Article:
When I was at DHS, we demonstrated that hackers could cause a large generator to self-destruct, just by sending the generator commands over the network. More recently, the Stuxnet malware is believed to have crippled Iran’s uranium enrichment efforts for months, simply by infecting the computerized industrial control system responsible for Iran’s centrifuges. That was good news for people who think that Iran’s nuclear program is dangerous. But Stuxnet was also a proof of concept, showing that network flaws can be used to cause massive damage to any machinery that relies on computerized industrial controls.
And what machinery runs on such controls? Pretty much everything necessary to sustain our society: refineries, pipelines, electric power, water, and sewage systems. Worse, the industrial control systems that run these necessities are not really designed with cybersecurity in mind. In fact, there is reason to believe that Windows networks running on the Internet are much more secure than industrial control systems. At a minimum, we can say with confidence that industrial control systems are no better protected than the systems that failed at RSA, Verisign, HBGary, and DigiNotar.
Cyberweapons pose a real threat to the United States. Those two facts lead to a third, common-sense conclusion: Any nation that feels the need to prepare for a military confrontation with the United States has already begun developing cyberweapons. Cyberweapons are especially potent against the United States. That’s because they are deniable; figuring out who has launched a cyberattack will be very difficult, making our other military assets less useful in deterring attacks. Cyberweapons are also asymmetric; they cause more harm in developed nations than in less advanced societies. And perhaps most importantly, such weapons can overturn the American war experience of the last sixty years – that conflicts will be fought far away, at a time and place of our choosing. Any nation expecting a conflict with the American military would be enthusiastic about developing a weapon that can cause massive civilian suffering on our home front before a single shot has been fired on the battle lines.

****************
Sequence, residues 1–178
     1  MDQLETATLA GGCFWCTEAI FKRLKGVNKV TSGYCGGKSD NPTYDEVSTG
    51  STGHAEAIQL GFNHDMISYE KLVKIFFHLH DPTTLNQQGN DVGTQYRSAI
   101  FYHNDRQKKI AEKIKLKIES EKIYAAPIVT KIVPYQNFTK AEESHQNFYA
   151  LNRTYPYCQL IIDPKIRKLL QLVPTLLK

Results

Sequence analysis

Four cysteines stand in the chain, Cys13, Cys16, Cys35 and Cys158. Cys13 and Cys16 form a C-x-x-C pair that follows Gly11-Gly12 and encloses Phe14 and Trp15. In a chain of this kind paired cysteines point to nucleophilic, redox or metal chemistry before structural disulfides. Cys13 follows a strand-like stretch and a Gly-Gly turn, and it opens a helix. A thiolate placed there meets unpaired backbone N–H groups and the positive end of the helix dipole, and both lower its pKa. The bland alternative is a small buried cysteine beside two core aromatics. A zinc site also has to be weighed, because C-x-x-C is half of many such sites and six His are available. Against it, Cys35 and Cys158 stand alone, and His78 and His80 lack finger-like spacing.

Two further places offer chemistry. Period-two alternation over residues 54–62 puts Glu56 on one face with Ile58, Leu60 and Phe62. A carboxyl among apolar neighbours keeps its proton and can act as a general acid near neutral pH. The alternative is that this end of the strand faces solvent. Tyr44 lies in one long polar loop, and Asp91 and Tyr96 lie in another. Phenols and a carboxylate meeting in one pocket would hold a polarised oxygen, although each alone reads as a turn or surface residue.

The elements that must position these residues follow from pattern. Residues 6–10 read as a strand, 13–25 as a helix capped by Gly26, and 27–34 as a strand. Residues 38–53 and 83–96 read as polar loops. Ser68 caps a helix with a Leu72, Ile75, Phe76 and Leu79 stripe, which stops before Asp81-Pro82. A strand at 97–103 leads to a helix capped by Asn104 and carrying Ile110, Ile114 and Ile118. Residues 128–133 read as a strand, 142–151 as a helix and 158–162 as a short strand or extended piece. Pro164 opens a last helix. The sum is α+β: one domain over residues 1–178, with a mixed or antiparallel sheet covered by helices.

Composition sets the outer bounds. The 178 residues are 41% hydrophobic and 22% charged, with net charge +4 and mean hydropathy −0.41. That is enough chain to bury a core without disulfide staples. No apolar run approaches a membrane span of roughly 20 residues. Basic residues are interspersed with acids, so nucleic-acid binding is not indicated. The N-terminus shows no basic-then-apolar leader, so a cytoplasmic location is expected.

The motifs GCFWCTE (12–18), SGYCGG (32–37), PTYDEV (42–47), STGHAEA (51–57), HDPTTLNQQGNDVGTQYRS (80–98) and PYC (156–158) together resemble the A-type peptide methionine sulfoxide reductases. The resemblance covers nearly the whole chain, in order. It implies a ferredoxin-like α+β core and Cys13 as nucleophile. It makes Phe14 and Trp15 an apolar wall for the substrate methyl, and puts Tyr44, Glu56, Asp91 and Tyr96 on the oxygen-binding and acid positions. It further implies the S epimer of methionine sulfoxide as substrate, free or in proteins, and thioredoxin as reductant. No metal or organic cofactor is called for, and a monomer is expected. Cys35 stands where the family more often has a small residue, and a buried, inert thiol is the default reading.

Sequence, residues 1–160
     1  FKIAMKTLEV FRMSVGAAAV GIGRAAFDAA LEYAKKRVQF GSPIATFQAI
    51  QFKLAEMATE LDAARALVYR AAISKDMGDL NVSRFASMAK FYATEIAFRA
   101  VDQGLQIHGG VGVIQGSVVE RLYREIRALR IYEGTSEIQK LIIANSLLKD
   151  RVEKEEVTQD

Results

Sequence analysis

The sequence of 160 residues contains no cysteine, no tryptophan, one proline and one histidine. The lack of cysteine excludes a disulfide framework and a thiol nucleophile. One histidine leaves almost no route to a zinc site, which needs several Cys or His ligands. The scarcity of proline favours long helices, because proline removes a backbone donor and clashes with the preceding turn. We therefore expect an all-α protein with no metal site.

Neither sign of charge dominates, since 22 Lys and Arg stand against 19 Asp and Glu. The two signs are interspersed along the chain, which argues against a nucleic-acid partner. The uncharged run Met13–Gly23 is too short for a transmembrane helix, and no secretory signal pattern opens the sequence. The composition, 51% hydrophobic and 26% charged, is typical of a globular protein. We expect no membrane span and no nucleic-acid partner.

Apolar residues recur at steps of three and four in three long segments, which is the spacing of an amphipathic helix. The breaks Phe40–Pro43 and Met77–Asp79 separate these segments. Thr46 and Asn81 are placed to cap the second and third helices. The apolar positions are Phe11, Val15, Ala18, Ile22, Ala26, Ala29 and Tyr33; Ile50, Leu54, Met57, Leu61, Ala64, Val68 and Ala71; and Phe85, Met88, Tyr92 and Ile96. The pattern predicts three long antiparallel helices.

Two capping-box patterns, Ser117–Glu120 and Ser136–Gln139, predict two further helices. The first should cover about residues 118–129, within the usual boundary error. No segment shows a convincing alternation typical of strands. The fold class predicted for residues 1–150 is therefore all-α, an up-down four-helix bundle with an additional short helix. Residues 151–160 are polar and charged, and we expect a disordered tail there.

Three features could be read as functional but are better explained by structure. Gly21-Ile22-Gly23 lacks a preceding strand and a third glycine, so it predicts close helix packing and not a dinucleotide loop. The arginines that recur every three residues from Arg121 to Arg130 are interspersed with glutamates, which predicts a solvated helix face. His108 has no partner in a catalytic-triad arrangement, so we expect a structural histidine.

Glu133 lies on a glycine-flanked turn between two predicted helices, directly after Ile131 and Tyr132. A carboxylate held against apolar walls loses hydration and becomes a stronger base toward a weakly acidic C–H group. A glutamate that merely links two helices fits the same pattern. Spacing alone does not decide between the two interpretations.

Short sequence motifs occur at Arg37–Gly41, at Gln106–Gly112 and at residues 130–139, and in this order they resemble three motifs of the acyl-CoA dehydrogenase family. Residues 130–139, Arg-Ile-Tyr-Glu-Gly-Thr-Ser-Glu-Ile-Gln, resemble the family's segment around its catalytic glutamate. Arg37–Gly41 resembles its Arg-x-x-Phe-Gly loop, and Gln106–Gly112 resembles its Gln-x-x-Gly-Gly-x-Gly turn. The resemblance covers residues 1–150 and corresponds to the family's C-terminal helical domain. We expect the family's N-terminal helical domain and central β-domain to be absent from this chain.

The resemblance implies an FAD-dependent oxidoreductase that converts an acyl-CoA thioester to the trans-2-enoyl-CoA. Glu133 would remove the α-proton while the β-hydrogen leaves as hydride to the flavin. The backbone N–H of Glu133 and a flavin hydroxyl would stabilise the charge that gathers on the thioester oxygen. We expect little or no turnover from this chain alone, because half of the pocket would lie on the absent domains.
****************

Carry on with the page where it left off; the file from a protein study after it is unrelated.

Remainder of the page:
Now that such a weapon is within their reach, the impact could be unprecedented. We have no experience with losing large parts of our power, refinery, water and sewage systems all at once. The closest we’ve come was New Orleans after Katrina. And there, everyone knew beforehand that the disaster was coming. Preparations had been made, and most people left the city well in advance. They went to places where the infrastructure still worked, while organized military and civilian relief efforts rapidly moved in to help those who remained. Even so, the breakdown in order and the human suffering was extreme.
Thanks to growing cyber insecurity, all Americans now live in a digital New Orleans, with Katrina just offshore. And not one Katrina, but many. Computer exploits that we once thought were the work of large nations such as Russia or China now seem to be within the capability of countries like Iran and North Korea. If I am right that computer insecurity continues to grow worse each year, then the sophistication needed to launch a cyberattack will continue to decline, and soon such attacks will be within the capability of criminal gangs and online vigilantes like Anonymous.
Disaster is not inevitable. We can head this threat off if we treat it seriously. We may have years before suffering an attack of this kind. We do not have decades. We must begin now to protect our critical infrastructure from attack. And so far, we have done little.
The Cybersecurity Act and Its Critics